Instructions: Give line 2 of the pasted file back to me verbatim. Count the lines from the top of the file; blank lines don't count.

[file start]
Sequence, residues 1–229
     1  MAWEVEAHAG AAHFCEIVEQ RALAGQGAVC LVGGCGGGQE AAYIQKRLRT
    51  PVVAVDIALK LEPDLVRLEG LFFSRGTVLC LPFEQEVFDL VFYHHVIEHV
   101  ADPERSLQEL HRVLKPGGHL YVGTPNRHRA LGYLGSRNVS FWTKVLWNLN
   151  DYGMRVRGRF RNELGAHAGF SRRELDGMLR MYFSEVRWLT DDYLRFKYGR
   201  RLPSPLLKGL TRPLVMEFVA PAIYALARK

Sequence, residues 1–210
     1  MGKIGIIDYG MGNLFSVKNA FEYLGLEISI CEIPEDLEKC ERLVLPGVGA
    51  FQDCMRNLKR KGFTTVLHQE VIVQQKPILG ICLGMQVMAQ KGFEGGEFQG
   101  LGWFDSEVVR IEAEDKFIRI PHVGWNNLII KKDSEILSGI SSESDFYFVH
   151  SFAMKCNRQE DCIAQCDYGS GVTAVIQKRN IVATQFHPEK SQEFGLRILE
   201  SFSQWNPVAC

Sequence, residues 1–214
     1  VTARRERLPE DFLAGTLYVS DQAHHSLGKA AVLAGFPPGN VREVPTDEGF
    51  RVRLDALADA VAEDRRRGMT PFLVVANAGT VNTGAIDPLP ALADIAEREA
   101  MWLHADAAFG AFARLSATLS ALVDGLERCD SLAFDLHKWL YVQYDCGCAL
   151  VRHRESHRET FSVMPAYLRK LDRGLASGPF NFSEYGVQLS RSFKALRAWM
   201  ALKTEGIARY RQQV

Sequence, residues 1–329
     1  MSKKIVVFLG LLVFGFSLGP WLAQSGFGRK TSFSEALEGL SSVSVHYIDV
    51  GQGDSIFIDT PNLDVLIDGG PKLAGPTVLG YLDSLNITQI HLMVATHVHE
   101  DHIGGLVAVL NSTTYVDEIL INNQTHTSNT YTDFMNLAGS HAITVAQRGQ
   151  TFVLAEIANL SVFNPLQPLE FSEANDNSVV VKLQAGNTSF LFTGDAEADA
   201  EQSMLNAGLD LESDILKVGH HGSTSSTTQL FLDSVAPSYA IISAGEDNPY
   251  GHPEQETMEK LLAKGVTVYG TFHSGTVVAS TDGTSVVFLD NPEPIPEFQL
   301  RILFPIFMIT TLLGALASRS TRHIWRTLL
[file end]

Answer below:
     1  MAWEVEAHAG AAHFCEIVEQ RALAGQGAVC LVGGCGGGQE AAYIQKRLRT